How a Tea Mug Can Empower Your Colleague

Giving feedback is one of the greatest challenges for most leaders, especially if the feedback is not positive, or if the person who could benefit from your insight doesn’t report to you.

A few days ago, Laurie, an executive in the electronics industry, asked me, “How do I give my colleague feedback? He made a mistake in a meeting and doesn’t get it. I want to help him but I’m unsure how.”

Knowing that I would not understand the content of the meeting, she used a tea mug to explain what happened.

“Let’s say that you are on a team tasked with creating a travel mug,” she said. “You are responsible for creating the green, metal part of the cup, and someone else is responsible for creating the rubber grippers for the top and bottom. Everyone is responsible for reaching certain milestones to ensure completion of the final product.”

Then, she asked, “Now, what if one person says, at the last minute, ‘I won’t be done with my part by that time’?” She explained that this is exactly what her colleague said in their meeting. “What would you think about that, Misti?”

I said I would want to know why he wouldn’t be done and if there was anything I could do to help him achieve his goal.

“Exactly,” Laurie said. “So, how do I give him this feedback?”

I have written and spoken at great length about how and when to provide feedback. But Laurie had already unknowingly created her own strategy. By using an analogy, she had simplified the situation so much that I could clearly identify the problem, and her explanation didn’t come across as judging.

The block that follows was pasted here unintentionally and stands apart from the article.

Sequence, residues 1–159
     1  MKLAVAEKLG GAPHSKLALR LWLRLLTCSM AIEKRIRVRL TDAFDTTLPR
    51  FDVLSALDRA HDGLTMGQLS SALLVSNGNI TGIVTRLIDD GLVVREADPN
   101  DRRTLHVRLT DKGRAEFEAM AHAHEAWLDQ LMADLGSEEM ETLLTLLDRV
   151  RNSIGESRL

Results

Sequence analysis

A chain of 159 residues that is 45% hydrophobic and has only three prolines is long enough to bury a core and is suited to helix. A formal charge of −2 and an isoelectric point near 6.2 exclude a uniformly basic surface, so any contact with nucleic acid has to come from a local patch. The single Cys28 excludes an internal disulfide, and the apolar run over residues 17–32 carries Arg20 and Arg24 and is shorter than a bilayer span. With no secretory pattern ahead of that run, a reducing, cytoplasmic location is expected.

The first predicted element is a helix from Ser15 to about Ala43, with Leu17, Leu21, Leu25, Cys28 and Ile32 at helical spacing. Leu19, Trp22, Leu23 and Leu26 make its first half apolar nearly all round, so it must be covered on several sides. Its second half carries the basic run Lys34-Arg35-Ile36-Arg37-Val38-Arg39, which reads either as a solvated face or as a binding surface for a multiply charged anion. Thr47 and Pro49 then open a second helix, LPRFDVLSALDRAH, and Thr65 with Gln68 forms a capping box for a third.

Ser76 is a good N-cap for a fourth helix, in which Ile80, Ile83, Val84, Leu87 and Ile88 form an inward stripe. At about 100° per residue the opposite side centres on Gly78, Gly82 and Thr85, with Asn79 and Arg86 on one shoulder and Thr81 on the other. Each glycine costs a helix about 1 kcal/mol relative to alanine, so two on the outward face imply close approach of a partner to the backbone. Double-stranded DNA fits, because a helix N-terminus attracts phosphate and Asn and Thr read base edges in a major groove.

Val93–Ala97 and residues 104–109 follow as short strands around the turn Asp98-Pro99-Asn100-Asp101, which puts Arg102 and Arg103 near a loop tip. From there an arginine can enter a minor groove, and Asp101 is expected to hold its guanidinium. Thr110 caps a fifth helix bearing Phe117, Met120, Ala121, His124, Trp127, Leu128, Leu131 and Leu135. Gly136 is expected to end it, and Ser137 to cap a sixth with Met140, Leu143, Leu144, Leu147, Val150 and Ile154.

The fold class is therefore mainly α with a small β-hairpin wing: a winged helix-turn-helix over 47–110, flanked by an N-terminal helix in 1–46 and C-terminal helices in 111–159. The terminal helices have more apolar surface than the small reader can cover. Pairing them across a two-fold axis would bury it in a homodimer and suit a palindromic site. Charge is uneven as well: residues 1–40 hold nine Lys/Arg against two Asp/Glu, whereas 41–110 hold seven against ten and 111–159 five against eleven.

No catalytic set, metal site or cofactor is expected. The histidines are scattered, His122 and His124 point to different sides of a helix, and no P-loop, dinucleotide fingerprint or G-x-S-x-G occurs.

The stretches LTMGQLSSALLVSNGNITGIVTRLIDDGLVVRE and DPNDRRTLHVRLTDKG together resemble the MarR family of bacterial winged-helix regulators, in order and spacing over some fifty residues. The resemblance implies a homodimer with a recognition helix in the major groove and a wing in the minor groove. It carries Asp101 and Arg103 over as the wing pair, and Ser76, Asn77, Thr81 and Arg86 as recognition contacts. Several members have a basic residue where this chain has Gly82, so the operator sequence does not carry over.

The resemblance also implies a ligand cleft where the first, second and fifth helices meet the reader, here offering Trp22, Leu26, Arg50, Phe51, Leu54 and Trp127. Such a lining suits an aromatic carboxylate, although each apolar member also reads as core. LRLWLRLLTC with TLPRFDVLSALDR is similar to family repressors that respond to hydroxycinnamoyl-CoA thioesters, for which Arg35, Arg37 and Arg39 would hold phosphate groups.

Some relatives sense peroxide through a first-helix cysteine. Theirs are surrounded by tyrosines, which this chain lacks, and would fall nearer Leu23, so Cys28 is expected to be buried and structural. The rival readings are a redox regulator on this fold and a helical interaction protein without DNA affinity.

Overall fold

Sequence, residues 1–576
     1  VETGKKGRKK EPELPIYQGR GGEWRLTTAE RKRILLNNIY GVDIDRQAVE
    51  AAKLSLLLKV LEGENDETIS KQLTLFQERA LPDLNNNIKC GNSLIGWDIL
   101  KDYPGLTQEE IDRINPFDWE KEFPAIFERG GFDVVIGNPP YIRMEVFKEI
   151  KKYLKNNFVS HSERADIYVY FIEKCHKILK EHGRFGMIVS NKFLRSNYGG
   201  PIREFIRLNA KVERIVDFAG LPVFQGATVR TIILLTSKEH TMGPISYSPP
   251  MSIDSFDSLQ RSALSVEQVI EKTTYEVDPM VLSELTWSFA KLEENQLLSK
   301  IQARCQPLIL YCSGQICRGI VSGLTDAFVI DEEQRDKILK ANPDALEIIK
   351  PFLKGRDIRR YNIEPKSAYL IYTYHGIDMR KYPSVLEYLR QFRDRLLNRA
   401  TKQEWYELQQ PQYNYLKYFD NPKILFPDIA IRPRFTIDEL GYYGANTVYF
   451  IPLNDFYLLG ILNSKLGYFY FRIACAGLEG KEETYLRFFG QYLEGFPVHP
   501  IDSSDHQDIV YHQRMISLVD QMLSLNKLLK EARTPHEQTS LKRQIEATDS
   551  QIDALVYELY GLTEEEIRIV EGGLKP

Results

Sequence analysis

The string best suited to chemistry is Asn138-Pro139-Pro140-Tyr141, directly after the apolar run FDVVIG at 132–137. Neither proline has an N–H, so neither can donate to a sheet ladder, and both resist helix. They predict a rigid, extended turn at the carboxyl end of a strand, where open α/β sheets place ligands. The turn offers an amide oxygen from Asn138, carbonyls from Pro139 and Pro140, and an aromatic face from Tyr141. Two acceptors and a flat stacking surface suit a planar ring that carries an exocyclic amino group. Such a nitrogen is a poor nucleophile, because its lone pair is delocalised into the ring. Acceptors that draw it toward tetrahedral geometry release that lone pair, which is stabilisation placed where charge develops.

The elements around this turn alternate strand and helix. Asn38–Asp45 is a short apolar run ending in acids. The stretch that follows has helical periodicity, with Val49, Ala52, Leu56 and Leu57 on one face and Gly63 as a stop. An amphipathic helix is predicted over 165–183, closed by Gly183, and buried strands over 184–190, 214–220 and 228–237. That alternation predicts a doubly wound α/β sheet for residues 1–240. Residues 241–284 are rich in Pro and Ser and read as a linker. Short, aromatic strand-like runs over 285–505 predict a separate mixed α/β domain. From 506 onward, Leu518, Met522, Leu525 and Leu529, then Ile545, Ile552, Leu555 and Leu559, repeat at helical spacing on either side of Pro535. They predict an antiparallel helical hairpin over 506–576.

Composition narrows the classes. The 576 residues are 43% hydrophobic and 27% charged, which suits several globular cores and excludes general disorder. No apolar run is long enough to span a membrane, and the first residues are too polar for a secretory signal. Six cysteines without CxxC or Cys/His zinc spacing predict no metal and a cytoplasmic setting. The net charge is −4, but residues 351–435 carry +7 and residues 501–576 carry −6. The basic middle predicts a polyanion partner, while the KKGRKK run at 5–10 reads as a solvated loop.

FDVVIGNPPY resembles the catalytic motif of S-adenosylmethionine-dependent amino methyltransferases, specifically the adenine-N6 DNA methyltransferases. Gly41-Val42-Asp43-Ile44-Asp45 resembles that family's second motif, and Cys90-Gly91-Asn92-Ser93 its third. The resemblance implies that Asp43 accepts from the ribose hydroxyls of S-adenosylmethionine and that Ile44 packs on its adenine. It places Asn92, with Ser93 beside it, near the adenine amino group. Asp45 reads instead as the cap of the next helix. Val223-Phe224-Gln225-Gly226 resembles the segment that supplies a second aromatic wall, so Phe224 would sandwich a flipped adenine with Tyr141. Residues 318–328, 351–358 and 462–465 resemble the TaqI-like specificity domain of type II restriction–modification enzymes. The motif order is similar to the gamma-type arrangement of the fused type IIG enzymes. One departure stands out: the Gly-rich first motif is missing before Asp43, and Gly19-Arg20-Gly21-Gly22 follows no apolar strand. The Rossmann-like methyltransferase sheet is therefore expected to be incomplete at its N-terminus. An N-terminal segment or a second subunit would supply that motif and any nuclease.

The next day, Laurie had a one-on-one conversation with her colleague, explained the analogy as she had explained it to me and asked him all the same questions. He immediately saw the parallels and thanked Laurie for driving the point home in this way.

Instead of pointing fingers and criticizing him, she simply asked him to consider how he might feel in a similar, hypothetical situation, allowing him to see his actions through another perspective and to identify the problem on his own.

The reality is that most of us are hard enough on ourselves. We need less criticism and more questions. Analogies are an excellent way to help others (whether they report directly to you or work alongside you) understand how they’re coming across, and how they might consider behaving differently based on their own desired results.

So, how do you give feedback? I would love to hear your strategies.

Keeping it simple,

Misti Burmeister, best-selling author of From Boomers to Bloggers: Success Strategies Across Generations and Hidden Heroes